This is in answer to the letter by cyclist Henry Pratt objecting to the Hudson Valley Rail Trail Association’s asking the Lloyd Town Board to have the police patrol the rail trail in response to dangerous behavior by cyclists. Let me put the situation into some context.
The rail trail in Highland is a town of Lloyd linear park. Like in any other park, a cyclist can expect to find families with small kids, dog-walkers, senior citizens, joggers, etc. Cyclists and pedestrians alike value the rail trail for its miles of pavement free from cars they would encounter on local roads.
Given this mixed use, the Hudson Valley Rail Trail Association, which runs the rail trail for the town, has issued safety rules for both cyclists and pedestrians. The rules are on signs along the trail, in the tri-fold rail trail brochure and on business cards we hand out.
- Must yield to pedestrians
- Bells required on bike
- Go slow near pedestrians, pass in single file
- Give warning even if there is room to pass
- No more than two abreast
- Keep to right on trail
- Allow room for faster users to pass
- Nor more than two abreast
- Look behind when passing others or changing direction
- Keep to right on trail
- Be watchful of your children
- Leash/control dogs, maximum 6 ft. length
Pratt maintains that trail dangers are not a police matter. Not so. The rail trail rules regarding cyclists are actually embodied in the town law of codes, Chapter 74 Section 3L. This section is derived from NY State Vehicle and Traffic Law, which deems bikes as vehicles. The town code calls for fines for each violation of not less than $50 nor more than $200. So Pratt should be aware that the behavioral requirement of cyclists is a legal matter equal to the illegal use of ATVs on the trail, which he points out.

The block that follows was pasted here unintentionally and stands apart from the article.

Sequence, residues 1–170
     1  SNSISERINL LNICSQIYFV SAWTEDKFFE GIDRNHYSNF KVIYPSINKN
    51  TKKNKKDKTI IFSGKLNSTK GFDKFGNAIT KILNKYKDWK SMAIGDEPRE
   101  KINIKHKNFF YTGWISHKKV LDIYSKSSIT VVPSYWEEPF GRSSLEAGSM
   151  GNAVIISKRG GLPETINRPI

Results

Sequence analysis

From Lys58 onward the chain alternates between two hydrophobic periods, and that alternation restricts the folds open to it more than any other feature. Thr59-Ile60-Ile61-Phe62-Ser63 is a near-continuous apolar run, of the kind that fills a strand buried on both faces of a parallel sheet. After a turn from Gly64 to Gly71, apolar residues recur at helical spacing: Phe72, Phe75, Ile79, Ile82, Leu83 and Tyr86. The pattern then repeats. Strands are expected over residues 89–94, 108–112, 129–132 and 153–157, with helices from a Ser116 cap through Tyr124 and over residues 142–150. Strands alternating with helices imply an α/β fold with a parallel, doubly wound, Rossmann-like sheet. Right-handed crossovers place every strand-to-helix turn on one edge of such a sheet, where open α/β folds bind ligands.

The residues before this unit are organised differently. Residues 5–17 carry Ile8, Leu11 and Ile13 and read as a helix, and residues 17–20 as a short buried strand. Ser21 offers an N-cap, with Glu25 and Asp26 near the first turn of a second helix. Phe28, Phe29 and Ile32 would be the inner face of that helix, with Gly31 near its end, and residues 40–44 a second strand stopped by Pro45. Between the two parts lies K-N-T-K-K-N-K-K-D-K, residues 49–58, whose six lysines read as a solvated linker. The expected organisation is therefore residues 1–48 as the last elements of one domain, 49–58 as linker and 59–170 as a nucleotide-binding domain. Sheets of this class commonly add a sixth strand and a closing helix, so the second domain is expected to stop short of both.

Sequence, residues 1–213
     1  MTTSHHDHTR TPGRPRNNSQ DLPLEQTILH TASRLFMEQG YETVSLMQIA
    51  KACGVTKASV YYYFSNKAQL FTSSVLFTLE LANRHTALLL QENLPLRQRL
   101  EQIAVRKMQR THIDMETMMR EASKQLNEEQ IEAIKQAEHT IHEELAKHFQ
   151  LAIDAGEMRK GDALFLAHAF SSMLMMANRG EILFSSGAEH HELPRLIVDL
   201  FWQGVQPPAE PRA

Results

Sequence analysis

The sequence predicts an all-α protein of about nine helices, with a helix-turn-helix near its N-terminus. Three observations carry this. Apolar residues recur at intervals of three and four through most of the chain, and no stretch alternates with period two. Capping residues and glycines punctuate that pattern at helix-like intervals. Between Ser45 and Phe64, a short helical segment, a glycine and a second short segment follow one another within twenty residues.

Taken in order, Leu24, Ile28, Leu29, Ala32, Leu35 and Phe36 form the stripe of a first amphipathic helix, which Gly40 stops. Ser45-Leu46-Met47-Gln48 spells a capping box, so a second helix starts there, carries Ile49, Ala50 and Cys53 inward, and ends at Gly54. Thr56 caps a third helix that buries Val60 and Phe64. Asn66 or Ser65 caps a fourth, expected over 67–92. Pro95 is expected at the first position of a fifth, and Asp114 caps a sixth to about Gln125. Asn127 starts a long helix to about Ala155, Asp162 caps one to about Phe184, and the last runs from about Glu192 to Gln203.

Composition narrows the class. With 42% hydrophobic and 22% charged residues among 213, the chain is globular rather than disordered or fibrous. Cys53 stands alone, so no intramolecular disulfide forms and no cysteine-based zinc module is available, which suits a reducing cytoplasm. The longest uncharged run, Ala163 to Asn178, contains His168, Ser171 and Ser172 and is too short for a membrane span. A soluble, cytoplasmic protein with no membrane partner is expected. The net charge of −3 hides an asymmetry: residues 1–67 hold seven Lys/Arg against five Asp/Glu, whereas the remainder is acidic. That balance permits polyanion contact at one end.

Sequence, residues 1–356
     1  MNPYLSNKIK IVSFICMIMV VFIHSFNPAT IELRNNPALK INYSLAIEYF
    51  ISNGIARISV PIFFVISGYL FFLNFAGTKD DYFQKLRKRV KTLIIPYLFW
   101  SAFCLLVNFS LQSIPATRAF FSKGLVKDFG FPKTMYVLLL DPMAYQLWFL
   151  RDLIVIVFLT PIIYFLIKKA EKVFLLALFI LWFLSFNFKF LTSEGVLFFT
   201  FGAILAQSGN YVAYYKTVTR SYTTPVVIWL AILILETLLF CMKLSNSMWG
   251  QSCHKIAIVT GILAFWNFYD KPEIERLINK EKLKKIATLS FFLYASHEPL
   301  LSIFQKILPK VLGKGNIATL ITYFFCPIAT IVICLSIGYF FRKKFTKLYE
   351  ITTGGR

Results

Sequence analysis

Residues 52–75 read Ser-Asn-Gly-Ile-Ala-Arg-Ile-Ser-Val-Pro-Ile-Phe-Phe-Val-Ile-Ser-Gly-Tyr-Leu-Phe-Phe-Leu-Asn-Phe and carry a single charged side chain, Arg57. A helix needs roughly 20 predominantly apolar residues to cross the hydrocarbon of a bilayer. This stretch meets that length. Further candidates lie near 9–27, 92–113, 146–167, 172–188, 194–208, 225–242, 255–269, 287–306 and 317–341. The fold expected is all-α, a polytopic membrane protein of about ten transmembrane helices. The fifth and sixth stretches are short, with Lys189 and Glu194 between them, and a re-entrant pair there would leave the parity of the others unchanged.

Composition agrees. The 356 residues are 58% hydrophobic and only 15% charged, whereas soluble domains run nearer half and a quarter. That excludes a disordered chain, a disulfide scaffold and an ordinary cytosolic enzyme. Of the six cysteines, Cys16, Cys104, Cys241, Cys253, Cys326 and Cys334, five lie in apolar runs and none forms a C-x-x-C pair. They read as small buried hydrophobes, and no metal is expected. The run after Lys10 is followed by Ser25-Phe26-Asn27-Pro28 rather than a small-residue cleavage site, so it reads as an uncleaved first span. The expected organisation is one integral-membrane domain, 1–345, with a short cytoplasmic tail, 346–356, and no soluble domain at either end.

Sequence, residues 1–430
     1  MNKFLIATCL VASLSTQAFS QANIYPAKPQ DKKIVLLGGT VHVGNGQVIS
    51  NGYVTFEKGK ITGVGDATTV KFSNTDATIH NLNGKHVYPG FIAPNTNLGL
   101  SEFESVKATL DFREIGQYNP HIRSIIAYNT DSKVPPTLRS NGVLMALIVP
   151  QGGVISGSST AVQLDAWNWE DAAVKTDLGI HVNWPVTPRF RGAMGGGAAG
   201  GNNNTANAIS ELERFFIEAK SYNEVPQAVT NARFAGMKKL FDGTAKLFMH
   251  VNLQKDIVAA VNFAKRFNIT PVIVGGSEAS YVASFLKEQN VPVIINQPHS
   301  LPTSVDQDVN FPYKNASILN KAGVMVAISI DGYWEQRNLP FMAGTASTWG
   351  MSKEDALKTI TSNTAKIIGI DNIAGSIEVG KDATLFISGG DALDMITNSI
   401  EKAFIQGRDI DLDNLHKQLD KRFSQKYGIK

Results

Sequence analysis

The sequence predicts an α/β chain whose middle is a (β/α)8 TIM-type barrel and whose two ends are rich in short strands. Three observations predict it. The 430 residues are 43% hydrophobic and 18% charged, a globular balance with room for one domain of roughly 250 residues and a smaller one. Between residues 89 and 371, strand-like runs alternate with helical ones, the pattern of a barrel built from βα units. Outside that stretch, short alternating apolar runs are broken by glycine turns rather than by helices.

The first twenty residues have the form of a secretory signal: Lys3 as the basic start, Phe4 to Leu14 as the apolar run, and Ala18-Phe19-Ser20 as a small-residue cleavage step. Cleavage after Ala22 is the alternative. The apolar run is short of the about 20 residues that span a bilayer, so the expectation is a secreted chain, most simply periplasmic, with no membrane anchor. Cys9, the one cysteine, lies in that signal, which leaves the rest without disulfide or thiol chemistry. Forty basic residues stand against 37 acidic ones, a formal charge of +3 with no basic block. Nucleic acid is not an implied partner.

Pratt also writes that it is only a small percentage of bad apples who might cause problems, but those problems can also be pretty rotten ones. A few years ago, a woman was knocked down and left unconscious by a cyclist, who stopped for a moment to say that he was “in training” and sped off as if that was an excuse for his behavior. Several weeks ago a couple in their 70s was on the trail, one of them relying on a walking stick. A cyclist sped by closely and gave no warning. The male of the pair called out to the cyclist to slow down. The rider, appearing to be in his 30s, wheeled back to the couple, dismounted, screamed at them in a menacing tone and shoved the elderly male with both hands on his shoulders, i.e. an act of assault.
Only the “bad apples” will be affected by the police patrol. Cyclists behaving responsibly should welcome them.
Hudson Valley Rail Trail Association